With respect to methodology, much of the current literature on pattern languages uses case studies and broadly interpretive research methods. We would also like to see more action research studies and works on the methodology of pattern mining. There are surprisingly few reported in the literature on pattern languages for societal change. Action research would appear to be particularly relevant in contexts where resources are scarce, when it can be argued that outside researchers should not only go away with data for their academic papers, but should also aim to make a contribution in the research setting itself.
Connection to Other Literature
The field of pattern languages has always drawn on literature from other related fields, for example economics and organization studies. We would like to see synergies between patterns, pattern languages, and other research fields better developed in the future.
We end this introductory paper with some reflections on the process of editing the book. We believe that the selected papers are immensely important for the corresponding areas of interests and that they will be frequently quoted and consulted in the years to come. The editors would like to thank all the authors who have submitted their precious manuscripts to this conference and to ask for their understanding for our possible mistakes. Moreover, we would like to thank George Platts as the game master of the PURPLSOC 2015 conference as well as the whole audience for their active participation, great enthusiasm and spirit.
Our thanks also go to the many anonymous reviewers, who have worked so devotedly under our severe constraints. We would also like to thank all the reviewers, too many to mention by name, who responded to our requests for reviews in a professional and timely way. This book bears the name of the editors, but hidden referees would merit, in many cases, to be credited as well for so many freely given suggestions, generous improvements and detailed corrections.
We would like to thank the Department of Interactive Media and Educational Technologies at Danube University Krems for the administrative support, and in particular Ingrid Muthsam and Wolfgang Rauter who handled the high volumes of work associated with the conference proceedings.
Dear reader, we hope you enjoy this book.
Alexander, C. (1964). Notes on the synthesis of form. Cambridge: Harvard University Press.
Alexander, C., Ishikawa, S., & Silverstein, M. (1977). A pattern language: towns, buildings, construction. New York: Oxford University Press.
Alexander, C. (1979) The Timeless Way of Building, Oxford University Press.
Alexander, C. (1999). The Origins of Pattern Theory: The Future of the Theory, and the Generation of a Living World. IEEE Software, 16(5), 71–82. doi:10.1109/52.795104. Lecture at the 1996 ACM Conference on Object-Oriented Programs, Systems, Languages and Applications (OOPSLA)
Alexander, C. (2003). The nature of order: an essay on the art of building and the nature of the universe (Vols. 1–4). Berkeley, California: Center for Environmental Structure.
Beck, K. and Cunningham, W. (1987) ‘Using Pattern Languages for Object-oriented Programs’, OOPSLA-87 Workshop on the Specification and Design for Object-Oriented Programming.
Coplien, J. (1999) “A Pattern Language for Writers’ Workshops,” in Harrison, N., Foote, B., Rohnert, H. (eds), Pattern Languages of Program Design 4, Addison-Welsey Professional.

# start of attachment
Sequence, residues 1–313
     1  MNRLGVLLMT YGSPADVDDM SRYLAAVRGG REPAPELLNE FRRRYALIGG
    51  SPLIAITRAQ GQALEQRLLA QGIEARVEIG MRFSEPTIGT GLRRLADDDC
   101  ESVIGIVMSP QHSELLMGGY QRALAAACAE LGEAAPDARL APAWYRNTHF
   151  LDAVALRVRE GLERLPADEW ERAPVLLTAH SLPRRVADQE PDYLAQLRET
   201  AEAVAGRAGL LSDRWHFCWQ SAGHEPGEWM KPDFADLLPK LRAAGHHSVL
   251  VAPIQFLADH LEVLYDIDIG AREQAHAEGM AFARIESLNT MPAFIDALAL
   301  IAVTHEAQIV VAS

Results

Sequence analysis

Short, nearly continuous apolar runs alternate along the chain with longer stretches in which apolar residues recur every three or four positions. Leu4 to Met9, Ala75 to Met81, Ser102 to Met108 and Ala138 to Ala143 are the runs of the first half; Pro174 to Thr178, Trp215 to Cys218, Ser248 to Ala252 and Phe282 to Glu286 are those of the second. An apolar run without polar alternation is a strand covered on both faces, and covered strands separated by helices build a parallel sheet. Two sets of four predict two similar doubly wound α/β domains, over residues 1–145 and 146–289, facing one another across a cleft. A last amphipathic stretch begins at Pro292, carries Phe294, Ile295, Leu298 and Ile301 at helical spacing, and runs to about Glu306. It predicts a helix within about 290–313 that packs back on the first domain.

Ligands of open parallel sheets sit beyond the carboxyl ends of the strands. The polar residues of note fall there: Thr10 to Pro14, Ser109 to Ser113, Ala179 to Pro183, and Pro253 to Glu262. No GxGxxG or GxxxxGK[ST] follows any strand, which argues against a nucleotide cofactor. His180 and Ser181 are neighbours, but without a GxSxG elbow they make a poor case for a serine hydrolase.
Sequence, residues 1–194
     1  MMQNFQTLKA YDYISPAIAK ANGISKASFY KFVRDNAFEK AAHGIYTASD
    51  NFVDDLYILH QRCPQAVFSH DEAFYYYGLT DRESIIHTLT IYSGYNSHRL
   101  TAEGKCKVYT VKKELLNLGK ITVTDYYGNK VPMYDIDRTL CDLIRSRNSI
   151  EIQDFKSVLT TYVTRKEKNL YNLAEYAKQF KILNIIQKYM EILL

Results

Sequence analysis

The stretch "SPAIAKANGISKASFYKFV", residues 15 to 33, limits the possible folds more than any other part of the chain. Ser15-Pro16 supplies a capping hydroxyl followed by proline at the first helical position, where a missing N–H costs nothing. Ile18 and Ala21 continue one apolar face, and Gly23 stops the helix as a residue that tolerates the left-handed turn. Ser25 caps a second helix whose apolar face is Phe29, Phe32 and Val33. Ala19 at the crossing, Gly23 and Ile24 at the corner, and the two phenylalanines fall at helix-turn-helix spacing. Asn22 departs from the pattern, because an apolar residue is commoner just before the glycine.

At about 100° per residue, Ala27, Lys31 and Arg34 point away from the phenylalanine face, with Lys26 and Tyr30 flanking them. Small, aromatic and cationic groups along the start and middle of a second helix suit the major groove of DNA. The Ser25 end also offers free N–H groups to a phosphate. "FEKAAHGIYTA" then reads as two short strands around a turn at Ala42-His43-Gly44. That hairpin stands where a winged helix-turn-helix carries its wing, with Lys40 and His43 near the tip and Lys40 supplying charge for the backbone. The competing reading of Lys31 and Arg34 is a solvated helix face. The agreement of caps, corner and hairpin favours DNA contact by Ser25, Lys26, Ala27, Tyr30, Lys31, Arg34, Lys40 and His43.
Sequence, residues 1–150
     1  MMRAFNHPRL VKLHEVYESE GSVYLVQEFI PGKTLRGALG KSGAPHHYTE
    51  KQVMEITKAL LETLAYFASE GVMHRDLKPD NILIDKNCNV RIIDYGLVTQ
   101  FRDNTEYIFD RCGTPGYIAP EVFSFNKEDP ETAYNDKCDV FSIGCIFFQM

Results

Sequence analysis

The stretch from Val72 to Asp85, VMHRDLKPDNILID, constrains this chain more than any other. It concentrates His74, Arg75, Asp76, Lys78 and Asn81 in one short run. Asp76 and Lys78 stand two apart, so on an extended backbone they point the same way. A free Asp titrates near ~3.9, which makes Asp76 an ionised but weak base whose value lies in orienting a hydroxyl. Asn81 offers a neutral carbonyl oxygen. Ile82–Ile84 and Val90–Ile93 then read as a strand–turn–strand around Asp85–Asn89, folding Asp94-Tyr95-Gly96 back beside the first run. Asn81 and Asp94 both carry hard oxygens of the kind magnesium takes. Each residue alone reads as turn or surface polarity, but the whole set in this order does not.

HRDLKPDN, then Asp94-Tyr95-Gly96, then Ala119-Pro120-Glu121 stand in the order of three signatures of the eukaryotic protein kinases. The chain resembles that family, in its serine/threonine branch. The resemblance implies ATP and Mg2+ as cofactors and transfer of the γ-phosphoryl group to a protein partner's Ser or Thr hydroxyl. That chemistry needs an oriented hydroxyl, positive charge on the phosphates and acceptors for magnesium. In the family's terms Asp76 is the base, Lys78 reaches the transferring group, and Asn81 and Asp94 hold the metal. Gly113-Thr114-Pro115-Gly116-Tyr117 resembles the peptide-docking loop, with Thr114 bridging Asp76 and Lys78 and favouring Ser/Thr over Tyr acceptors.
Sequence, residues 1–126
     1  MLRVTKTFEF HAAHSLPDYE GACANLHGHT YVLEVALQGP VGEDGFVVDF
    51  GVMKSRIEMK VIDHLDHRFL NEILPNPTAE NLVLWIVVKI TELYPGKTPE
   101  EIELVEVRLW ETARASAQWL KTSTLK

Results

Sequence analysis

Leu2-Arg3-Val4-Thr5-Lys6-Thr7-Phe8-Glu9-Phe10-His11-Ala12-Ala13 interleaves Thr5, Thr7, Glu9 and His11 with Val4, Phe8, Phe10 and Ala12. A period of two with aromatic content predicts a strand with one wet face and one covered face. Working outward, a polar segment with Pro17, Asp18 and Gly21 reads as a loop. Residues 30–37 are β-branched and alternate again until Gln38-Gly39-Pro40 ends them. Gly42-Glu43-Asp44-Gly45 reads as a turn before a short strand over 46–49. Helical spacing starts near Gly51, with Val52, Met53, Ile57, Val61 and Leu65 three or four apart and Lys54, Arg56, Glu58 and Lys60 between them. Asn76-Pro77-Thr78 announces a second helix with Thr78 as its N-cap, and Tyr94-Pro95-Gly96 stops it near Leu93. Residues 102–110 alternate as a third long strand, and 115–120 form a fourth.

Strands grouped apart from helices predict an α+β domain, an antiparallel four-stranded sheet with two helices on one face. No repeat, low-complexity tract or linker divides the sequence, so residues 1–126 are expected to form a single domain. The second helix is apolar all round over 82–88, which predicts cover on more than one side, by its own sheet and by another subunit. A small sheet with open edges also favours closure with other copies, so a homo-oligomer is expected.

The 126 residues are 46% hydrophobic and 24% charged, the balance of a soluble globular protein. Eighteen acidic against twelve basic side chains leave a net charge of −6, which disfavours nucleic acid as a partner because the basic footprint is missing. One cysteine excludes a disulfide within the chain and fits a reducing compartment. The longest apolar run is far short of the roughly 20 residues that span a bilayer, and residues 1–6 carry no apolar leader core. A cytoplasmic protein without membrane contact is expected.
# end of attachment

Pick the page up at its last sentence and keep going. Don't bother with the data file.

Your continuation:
Coplien, J.O., Harrison, N.B. (2004) Organizational Patterns of Agile Software Development, Prentice Hall.
DeLano, D.E. (1998) ‘Patterns mining,’ in Rising, L. (Ed.): The Patterns Handbook: Techniques, Strategies, and Applications, Cambridge University Press.
Gamma, E., Helm, R., Johnson, R. and Vlissides, J. (1994) Design Patterns: Elements of Reusable Object-Oriented Software, Addison-Wesley.
Hoover, D. and Oshineye, A. (2009) Apprenticeship Patterns: Guidance for the Aspiring Software Craftsman, O’Reilly Media.
Iba, T., (2014) A Journey on the Way to Pattern Writing: Designing the Pattern Writing Sheet. PLoP 2014 proceedings.
Manns, M.L. and Rising, L. (2005), Fearless Change: Patterns for Introducing New Ideas, Addison-Wesley.
Manns, M.L. and Rising, L. (2015) More Fearless Change: Strategies for Making Your Ideas Happen, Addison-Wesley Professional.
From Noam Chomsky and Christopher Alexander to Heinrich Lausberg: Rhetorical Framing for Pattern Analysis
Aspalter, Christian | Bauer, Reinhard
Leveraging Pattern Applications via Pattern Refinement
Falkenthal, Michael | Barzen, Johanna | Breitenbücher, Uwe | Fehling, Christoph | Leymann, Frank | Hadjakos, Aristotelis | Hentschel, Frank | Schulze, Heizo
Towards a Fourth Generation Pattern Language: Patterns as Epistemic Threads for Systemic Orientation
Finidori, Helene | Borghini, Sayfan G. | Henfrey, Thomas
Guiding Patterns of Naturally Occurring Design: Elements
Henshaw, Jessie Lydia
Words for a Journey: A Pattern Language for Living Well with Dementia
Iba, Takashi | Kaneko, Tomoki | Kamada, Arisa | Tamaki, Nao | Okada, Makoto
The Fundamental Behavioral Properties
Iba, Takashi | Kimura, Norihiko | Akado, Yuma | Honda, Takuya
Pattern Language 3.0 and Fundamental Behavioral Properties
The Cooking Language: Applying the Theory of Patterns into Cooking
Isaku, Taichi | Kubonaga, Emi | Iba, Takashi
Fostering Changemakers with Change Making Patterns: A Conceptual Framework for Social Change and Its Educational Applications
Nakamura, Sumire | Iba, Takashi
Survival Pattern Language: A Wayfinding Escape Pattern Language for Surviving an Earthquake with an Accompanying Tsunami
Neis, Hajo | Wright, Perrin
The Production of Cities: Christopher Alexander and the problem of “System A” at large scale
Porta, Sergio | Rofè, Yodan | Vidoli, Mariapia
Combining systems A and B: Creating a Pattern Language for the Unrecognized Bedouin Villages in the Negev, Israel
Rosner-Manor, Yaara | Rofè, Yodan
Patterns that Emotionally Engage - The Application of Storytelling for the Implementation of Pattern Languages